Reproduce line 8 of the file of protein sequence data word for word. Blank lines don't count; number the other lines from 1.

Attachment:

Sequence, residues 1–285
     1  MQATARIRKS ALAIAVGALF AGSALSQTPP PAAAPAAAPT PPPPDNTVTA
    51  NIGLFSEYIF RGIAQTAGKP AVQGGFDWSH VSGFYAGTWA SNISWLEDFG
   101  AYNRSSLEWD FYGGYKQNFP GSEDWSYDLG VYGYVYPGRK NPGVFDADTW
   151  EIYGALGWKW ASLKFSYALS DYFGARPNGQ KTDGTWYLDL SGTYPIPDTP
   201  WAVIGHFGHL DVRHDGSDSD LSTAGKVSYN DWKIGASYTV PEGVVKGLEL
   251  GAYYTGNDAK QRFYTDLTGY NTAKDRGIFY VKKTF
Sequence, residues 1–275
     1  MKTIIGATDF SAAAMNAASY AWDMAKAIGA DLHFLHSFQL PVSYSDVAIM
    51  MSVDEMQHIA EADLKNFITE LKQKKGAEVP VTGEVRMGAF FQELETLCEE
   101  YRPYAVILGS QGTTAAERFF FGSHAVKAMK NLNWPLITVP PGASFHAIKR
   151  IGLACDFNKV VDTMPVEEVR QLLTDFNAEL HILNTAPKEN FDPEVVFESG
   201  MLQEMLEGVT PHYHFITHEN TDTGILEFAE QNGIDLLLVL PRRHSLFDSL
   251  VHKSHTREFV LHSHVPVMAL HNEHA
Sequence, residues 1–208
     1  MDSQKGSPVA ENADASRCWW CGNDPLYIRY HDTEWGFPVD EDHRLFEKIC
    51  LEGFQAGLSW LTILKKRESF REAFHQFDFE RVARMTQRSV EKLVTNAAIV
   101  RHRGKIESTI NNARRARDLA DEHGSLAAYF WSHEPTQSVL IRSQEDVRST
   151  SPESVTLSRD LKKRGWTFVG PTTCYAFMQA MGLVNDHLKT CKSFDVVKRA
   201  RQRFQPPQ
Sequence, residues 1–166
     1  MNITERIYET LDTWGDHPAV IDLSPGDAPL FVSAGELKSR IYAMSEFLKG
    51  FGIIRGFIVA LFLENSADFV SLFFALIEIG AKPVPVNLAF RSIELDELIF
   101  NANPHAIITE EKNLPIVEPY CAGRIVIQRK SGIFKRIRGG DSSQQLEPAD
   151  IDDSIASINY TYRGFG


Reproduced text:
Sequence, residues 1–275